A project encouraging digital content writing

This project’s resources were originally developed for a Stage III undergraduate paper by a team of academics from the Marketing department in the Business School at the University of Auckland including: Mike Lee, Rebecca Dolan, Yuri Seo and Gavin Northey.

These resources might be useful to: teachers of marketing and teachers of digital writing.

The project was supported by the SEED Fund grants for 2017.

You might also be interested in similar projects such as: Operations management simulator and From ‘Thinking Like a Manager’ to ‘Writing Like a Manager.’

Project background

What were the objectives of your project?

As project leader Mike Lee explains in his initial project proposal: “The industrial revolution was to manufacturers what the digital revolution is to marketers. The new online consumer is tech-savvy, informed, connected, and empowered to be ‘virtually’ anywhere, anyone, at any time. Thus, in order to stay relevant, how we teach the creation, evaluation and management of marketing content (e.g., writing marketing strategy plans, media plans, and advertising campaigns), requires a thoughtful systematic integration of digital technology and practices into curriculum.

The objective of this project was to develop an interactive practice-based student workshop on how to create, manage, and evaluate digital marketing content: ‘Digital Content in Marketing: Creation, Management, and Evaluation’. The aim was for the workshop to focus on the creation (i.e., writing), management, and evaluation of digital marketing content, as it pertains to the evolving role of marketing within the businesses ecosystem and broader social considerations.

The ability to write well has always been beneficial in marketing, however this has become even more indispensable in the digital era (Greenhow et al., 2009). The success of digital marketing elements such as content marketing, social media messaging, and search engine optimization are closely linked to quality writing (Ryan, 2014). Creative writing skills in these areas are said to result in increased engagement, improved SEO, leads and sales (Ledford, 2015). Within digital marketing teams, clear communication through writing is essential in order to explain ideas and concepts to developers, designers, and team members. Writing skills are important for blog posts and website content, while copywriting skills are imperative in order to write persuasively and create customer actions (Cvijikj and Michahelles, 2013).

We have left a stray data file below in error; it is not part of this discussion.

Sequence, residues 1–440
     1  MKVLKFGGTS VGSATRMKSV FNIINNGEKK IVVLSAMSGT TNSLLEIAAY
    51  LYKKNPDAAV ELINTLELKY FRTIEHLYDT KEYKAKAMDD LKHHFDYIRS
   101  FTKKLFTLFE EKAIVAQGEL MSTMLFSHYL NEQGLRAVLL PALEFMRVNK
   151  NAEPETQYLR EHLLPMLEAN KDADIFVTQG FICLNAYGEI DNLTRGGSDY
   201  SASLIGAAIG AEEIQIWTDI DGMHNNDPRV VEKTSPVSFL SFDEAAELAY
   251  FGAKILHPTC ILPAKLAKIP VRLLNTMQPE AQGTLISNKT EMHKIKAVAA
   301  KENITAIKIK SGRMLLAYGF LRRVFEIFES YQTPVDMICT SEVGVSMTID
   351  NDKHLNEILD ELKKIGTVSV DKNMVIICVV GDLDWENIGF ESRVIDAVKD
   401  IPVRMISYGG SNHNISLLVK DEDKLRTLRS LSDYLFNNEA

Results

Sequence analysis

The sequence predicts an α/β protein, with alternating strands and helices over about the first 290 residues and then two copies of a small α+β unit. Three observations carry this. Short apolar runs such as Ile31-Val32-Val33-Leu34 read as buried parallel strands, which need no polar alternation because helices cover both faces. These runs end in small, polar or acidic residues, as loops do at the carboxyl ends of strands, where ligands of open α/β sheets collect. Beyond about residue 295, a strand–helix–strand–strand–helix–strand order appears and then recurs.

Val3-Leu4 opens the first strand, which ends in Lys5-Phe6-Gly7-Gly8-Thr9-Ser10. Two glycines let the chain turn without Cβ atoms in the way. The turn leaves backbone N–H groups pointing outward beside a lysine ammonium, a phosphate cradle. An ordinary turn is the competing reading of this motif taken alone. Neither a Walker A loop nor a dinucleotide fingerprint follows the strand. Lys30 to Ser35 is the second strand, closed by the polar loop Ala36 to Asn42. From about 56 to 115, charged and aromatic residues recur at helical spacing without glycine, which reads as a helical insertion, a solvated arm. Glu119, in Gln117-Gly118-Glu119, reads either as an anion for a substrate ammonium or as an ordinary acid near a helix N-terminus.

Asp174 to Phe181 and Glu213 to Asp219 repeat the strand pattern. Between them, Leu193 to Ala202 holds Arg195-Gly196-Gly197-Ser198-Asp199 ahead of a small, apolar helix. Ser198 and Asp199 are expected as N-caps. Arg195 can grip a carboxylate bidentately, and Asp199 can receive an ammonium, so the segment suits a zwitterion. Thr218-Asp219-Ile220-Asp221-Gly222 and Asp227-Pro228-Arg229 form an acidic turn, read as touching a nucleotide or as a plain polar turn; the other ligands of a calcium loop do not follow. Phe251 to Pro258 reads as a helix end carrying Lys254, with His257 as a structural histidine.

The ultimate goal of this project is to learn how the insights from marketing practice can be systematically integrated into the existing marketing major to make our curriculum more relevant, as well as foster stronger engagement with students and industry. Specifically, we will evaluate the most successful components of the workshop, and develop a plan where these components are systematically integrated into marketing courses.”

Lee elaborates: “The landscape of digital marketing is changing so rapidly that academics in a research institute do not always have the time to source or create teaching materials based on latest practice. We wanted to expose our students to the latest digital content writing and to foster the creative skills sought and practised by industry. Eventually, we leveraged our relationships with industry by collaborating with the Dentsu Aegis Network to deliver a day long workshop and networking event, which introduced our students to the most relevant concepts in digital marketing.”

Project reflection

Below are some reflections from the project team:

What went well? What was unexpected?

The day went very smoothly and the students all enjoyed and learnt a lot from the experience. The industry facilitators were happy to assist in showing the next generation of digital marketers the necessary concepts to make their transition into industry smoother for everyone.

In order to gauge the success of the workshop and event we launched a survey asking participants a series of questions. Unfortunately out of 30 participants only about a third of the students completed the survey. This was unexpected, especially as we reminded them several times that the industry facilitators would very much appreciate their anonymous feedback. It was also particularly disappointing  given that students received a free workshop that would normally cost participants several hundred dollars each and a free fully-catered evening cocktail event to encourage the participants to network.

How did the project contribute to your students’ learning? (How do you know?)

Of the students that did complete the survey many noted that they were exposed to concepts in a practical way for the first time in their degree studies.

How did the project contribute to your learning?

We sat in the workshops for the entire day although we did not participate in the activites. We also attended the networking function.  We learnt from sitting through their presentations and from organizing the event.

Do you plan to continue this initiative beyond the grant period?

Due to the overwhelming success of the event, in Semester Two a similar team from the Dentsu Aegis Network were invited to deliver an abridged version of their content to a much larger audience –  the advertising and promotions Stage Three course in Marketing. This relationship is likely to continue into future semesters, thereby exposing a larger number of students to the relevant digital marketing concepts.

We would like to thank the SEED grant for providing the initial seed funding to establish relationships and create a workshop, thereby enabling us to distill the most essential ingredients and scale up to benefit a larger number of students moving forward.

Thank you, Mike, Rebecca, Yuri and Gavin.

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